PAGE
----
|Publication number||US7374105 B2|
|Application number||US 11/262,089|
|Publication date||May 20, 2008|
|Filing date||Oct 29, 2005|
|Priority date||Oct 29, 2005|
|Also published as||US20070095926|
|Publication number||11262089, 262089, US 7374105 B2, US 7374105B2, US-B2-7374105, US7374105 B2, US7374105B2|
|Inventors||Shengbo Zhu, Su Shiong Huang|
|Original Assignee||Magnex Corporation|
|Export Citation||BiBTeX, EndNote, RefMan|
|Patent Citations (2), Referenced by (12), Classifications (11), Legal Events (3)|
|External Links: USPTO, USPTO Assignment, Espacenet|
This invention relates to the field of rfid (radio frequency identification) chip and antenna technology. More particularly, this invention relates to an rfid chip and antenna having an improved range of communication with an associated r.f. interrogation/reading device
A typical rfid chip and antenna are usually both incorporated into an ID tag, such as that shown and described in U.S. Pat. No. 6,154,137 issued Nov. 28, 2000, the disclosure of which is hereby incorporated by reference. Generally, an ID tag has the antenna and the rfid chip mounted on or encapsulated in a thin substrate, such as a polyethylene terephthalate (PET) substrate as disclosed in U.S. Pat. No. 6,373,708 B1 issued Apr. 16, 2002, the disclosure of which is hereby incorporated by reference. The antenna is usually a small loop antenna or a dipole antenna, and must be ohmically connected to the rfid chip. The usual loop antenna is a multi-turn planar ohmic conductor formed in any one of several known ways. One such technique is silver paste printing on a suitable substrate, such as the PET substrate noted above. Another known technique for forming a loop antenna is copper deposition on a substrate as practiced by RCD Technology Corporation of Bethlehem, Pa. The size of the coil (coil diameter and thickness) and the number of turns is determined by the requirements of a particular application, including constraints on the physical size of the ID tag. The function of the antenna is to provide electromagnetic transfer of information between the rfid chip and outside interrogation/reader devices, such as a host CPU, a user reading station, or the like; as well as to enable inductive transfer of electrical power from an outside device into the rfid chip to furnish electrical power to the active circuit elements within the rfid chip.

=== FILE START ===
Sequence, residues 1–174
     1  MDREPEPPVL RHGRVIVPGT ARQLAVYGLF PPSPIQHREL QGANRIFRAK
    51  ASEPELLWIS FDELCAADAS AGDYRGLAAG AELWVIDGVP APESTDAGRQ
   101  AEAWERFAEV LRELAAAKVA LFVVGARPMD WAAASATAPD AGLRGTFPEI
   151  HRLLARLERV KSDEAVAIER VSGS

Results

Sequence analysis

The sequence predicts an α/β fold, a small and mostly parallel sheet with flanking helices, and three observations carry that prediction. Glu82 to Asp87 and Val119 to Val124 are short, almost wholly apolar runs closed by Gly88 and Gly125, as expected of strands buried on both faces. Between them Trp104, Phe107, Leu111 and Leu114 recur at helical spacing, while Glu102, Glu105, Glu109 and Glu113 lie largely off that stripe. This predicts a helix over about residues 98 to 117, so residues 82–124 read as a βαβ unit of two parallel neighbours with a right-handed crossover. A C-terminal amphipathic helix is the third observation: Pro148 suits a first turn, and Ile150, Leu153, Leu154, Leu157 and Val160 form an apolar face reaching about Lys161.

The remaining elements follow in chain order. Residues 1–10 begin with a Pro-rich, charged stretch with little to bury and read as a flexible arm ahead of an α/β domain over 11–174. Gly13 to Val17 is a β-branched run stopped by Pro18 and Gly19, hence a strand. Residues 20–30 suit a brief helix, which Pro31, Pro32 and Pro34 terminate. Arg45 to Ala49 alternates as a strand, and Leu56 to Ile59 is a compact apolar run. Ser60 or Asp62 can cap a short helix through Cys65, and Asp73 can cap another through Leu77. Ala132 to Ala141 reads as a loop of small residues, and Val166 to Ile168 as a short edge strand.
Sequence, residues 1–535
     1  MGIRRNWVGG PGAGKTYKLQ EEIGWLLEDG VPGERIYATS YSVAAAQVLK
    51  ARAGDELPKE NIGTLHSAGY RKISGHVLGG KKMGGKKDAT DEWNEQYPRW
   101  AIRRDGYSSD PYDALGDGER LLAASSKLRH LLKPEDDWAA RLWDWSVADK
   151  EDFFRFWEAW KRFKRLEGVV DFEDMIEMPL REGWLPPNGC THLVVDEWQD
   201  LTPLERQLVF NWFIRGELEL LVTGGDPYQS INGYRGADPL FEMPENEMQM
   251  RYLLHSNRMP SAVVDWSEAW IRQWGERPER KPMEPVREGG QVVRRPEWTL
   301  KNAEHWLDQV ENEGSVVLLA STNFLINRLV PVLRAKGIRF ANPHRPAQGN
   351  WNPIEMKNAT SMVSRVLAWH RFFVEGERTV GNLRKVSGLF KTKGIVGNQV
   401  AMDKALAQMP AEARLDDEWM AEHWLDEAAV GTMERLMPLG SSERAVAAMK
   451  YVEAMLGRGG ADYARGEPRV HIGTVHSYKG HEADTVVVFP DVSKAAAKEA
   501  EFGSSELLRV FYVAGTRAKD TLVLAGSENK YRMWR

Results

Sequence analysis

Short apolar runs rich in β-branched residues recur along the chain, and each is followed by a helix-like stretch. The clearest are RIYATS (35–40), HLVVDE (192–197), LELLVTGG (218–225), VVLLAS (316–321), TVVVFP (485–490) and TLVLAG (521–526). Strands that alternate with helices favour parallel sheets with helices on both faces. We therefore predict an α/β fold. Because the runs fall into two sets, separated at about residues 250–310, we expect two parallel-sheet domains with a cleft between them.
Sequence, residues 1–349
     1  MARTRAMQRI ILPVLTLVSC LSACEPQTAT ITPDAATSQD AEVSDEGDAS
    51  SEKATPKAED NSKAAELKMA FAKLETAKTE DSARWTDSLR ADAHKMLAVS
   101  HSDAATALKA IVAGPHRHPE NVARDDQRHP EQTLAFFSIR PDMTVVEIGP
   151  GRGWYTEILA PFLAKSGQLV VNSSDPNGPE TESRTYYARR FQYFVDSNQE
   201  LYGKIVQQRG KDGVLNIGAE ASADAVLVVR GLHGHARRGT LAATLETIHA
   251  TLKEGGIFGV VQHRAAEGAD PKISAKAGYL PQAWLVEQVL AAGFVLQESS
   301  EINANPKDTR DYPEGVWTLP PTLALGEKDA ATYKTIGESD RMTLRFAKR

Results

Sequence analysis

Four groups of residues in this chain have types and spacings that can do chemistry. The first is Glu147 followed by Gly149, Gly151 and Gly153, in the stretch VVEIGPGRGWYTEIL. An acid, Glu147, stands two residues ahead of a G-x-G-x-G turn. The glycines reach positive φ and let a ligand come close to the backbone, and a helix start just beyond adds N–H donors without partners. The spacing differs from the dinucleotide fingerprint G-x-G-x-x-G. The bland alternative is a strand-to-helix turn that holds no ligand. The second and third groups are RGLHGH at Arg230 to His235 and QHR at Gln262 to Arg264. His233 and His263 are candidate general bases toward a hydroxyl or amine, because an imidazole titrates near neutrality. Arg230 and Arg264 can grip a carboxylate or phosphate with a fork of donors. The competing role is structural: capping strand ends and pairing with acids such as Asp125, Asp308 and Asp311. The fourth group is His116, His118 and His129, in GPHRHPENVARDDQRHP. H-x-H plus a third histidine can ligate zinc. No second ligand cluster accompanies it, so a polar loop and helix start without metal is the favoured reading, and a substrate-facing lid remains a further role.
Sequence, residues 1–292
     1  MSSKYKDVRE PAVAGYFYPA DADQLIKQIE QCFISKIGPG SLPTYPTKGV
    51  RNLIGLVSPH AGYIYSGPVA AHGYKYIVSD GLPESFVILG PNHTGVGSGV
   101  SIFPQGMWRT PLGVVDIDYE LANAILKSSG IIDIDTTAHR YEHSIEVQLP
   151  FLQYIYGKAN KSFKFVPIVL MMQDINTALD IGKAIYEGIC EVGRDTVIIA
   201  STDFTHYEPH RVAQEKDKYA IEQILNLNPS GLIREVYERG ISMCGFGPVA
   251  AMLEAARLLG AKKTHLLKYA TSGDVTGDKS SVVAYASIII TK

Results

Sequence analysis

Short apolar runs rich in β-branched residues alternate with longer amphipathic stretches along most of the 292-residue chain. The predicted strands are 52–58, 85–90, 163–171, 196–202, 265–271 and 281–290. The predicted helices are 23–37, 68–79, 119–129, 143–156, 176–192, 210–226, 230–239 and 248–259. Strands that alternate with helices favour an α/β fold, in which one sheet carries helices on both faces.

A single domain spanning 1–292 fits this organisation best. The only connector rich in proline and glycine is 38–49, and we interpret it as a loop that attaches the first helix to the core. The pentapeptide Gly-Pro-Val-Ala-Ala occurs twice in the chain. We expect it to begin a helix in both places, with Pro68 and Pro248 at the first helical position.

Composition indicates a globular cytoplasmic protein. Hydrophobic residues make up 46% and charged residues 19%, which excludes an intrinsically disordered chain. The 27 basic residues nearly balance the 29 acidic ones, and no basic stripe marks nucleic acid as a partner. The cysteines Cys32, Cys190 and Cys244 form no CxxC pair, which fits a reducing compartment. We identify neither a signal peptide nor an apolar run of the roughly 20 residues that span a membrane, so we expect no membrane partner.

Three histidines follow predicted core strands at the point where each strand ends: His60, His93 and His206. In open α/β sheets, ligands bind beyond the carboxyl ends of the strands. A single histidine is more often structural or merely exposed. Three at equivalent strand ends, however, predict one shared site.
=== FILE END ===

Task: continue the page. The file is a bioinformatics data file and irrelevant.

Many types of commercially available rfid chips are known at present, each having the standard internal functional components commonly found in an rfid integrated circuit. Such standard components include an RF and analog section, a CPU, a ROM and an EEPROM (see 1999 IEEE International Solid-State Circuits Conference publication 0-7803-5129-0/99, FIG. 9.1.1: RFID transponder IC block diagram). The rfid chip receives electrical power via the antenna when interrogated by an outside device, and communicates with the outside device using standard protocols, such as the ISO 14443 protocol or the ISO15693 protocol. Prior to installation of an ID tag on an object, information identifying the object to be attached is written into the ROM (read-only memory) incorporated into the rfid chip. Once this information is written once into the ROM, it cannot be written over or otherwise altered by any interrogation device. The rfid chip can be interrogated by an outside interrogation/reader device and can only supply the information to the outside device—i.e., it cannot alter the information stored in the ROM.